Fidelity Go Review 2019

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Fidelity Go is the robo-advisor arm of Boston-based Fidelity Investments. The program’s claim to fame is a completely transparent pricing model. When you invest with Fidelity Go, you will pay a 0.35% all-in annual fee on your assets under management for both taxable and tax-advantaged accounts. That fee covers your advisory costs as well as (nearly all) investment expenses. Invested money is put into index funds (primarily those owned by Fidelity) to create portfolios that investment managers monitor and rebalance.

The target market for Fidelity Go is the young investor, which means there are relatively few account options available, but everything is set up for easy mobile use. There is no minimum amount for opening an account, and the minimum required to begin investing is only $10. Current Fidelity customers can easily integrate Fidelity Go with their existing accounts.

Fidelity Go
Visit FidelitySecuredon Fidelity Go’s secure site
The bottom line: Fidelity Go provides a no-surprises pricing model for low-cost investing, user-friendly experience and the assurance of human oversight and rebalancing.

  • A pricing model that aims to let you know upfront exactly how much you will pay each year, so there are no surprise investment expenses
  • Low-cost index funds that allow for passive investing over time
  • Seamless integration of both mobile technology and Fidelity accounts for a user-friendly platform.

Who should consider Fidelity Go?

Fidelity Go is marketed toward young adults or other new investors who want to take a hands-off approach to their investing. The low price-point required for investing (you only need $10 in your account), the very user-friendly online and mobile interface, and the low investing costs make this a good choice for someone early in their investing journey.

Fidelity Go fees and features

Amount minimum to open account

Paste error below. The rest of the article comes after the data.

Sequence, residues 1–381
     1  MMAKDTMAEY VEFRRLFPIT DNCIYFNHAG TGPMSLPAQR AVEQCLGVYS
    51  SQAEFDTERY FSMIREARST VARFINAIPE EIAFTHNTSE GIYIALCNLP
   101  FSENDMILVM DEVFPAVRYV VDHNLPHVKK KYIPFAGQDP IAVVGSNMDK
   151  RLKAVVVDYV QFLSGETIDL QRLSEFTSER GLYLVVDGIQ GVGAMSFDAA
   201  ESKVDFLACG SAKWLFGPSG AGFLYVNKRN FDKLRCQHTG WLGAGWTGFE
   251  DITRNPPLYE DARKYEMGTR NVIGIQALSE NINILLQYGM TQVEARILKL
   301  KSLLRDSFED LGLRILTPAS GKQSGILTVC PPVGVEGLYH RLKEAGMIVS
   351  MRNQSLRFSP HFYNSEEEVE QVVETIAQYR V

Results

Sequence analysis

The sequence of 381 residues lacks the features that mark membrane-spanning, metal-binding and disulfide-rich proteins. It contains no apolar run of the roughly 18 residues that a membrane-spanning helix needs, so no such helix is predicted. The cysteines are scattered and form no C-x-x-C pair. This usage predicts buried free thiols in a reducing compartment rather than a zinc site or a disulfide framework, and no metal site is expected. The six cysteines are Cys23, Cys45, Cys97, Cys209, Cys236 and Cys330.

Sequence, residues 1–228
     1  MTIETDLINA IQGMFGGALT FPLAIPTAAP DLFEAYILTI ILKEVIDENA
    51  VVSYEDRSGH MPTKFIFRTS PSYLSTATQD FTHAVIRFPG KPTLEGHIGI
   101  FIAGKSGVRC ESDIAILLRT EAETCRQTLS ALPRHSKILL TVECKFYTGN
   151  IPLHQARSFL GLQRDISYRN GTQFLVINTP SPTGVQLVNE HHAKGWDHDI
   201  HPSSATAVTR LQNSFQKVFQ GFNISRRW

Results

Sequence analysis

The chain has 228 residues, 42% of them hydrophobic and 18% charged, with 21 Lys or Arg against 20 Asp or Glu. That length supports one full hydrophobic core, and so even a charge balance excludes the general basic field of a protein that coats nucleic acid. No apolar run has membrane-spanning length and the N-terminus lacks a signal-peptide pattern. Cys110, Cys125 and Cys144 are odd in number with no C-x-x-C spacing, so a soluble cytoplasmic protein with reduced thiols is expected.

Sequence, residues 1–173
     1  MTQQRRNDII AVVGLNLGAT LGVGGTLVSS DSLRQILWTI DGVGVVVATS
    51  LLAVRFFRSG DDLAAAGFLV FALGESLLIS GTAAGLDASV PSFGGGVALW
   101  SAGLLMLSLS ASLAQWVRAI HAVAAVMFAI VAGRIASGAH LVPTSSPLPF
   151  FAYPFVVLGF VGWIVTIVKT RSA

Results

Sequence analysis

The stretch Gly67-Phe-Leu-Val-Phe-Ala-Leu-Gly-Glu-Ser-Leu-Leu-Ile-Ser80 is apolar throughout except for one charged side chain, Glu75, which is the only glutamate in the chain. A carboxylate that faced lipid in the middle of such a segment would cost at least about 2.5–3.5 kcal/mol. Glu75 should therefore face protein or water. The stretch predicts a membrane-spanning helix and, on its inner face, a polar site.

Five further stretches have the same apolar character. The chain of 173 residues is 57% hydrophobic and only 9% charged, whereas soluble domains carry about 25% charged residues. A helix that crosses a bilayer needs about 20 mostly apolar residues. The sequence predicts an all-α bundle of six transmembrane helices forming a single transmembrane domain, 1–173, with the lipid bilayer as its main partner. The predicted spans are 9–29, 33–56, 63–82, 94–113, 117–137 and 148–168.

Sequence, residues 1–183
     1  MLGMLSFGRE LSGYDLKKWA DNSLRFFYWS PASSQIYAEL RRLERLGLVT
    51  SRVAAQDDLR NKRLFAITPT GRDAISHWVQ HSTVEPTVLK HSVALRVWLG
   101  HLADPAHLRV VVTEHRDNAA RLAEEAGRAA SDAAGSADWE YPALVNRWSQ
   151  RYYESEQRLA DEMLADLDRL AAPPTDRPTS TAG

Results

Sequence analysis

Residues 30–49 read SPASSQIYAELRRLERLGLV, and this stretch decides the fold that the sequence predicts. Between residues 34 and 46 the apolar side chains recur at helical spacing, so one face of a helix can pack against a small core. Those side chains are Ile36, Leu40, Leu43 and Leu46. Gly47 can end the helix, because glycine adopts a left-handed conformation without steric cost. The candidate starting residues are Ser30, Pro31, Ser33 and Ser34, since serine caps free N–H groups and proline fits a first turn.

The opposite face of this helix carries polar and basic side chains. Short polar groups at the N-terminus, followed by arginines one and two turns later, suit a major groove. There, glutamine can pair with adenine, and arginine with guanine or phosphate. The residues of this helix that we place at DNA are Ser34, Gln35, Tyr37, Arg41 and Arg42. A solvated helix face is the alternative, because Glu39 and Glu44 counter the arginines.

• $0
Management fees
  • 0.35%
Account fees (annual, transfer, inactivity)
  • $0 annual fee
  • $0 full account transfer fee
  • $0 partial account transfer fee
  • $0 inactivity fee, but your account balance must be above $10 to be invested
Account types
  • Individual taxable
  • Traditional IRA
  • Roth IRA
  • Joint taxable
  • Rollover IRA
Portfolio
  • 13 asset classes in the Fidelity Flex Mutual Funds
Automatic rebalancing
Tax loss harvesting
Offers fractional shares
Ease of use
Mobile appiOS, Android, Fire OS
Customer supportPhone, 24/7 live support, Chat, Email, 196 branch locations

Strengths of Fidelity Go

  • Cost transparency: Although the 0.35% annual fee looks higher than that of Fidelity Go’s competitors, this price covers (nearly) all potential fees. The one possible exception is some expenses associated with a particular fund in a short-term portion of an investor’s holdings. However, such expenses may be offset by a variable fee credit, and Fidelity Go goes is always transparent in letting investors know about these possible expenses.
  • Low barrier to entry: With a $0 minimum to open an account and a $10 minimum to begin investing, Fidelity Go makes it easy for even the most cash-strapped individual to start investing for their future.
  • Robo-management plus human management: Investors with Fidelity Go get the best of both types of management. Their computer algorithms—using the investor’s responses to an introductory questionnaire—match investors with the most appropriate portfolio for their financial situation, goals, timeline, and risk tolerance. Human investment managers keep an eye on these portfolios to handle any day-to-day trading and investment decisions, as well as rebalancing when portfolios fall out of balance.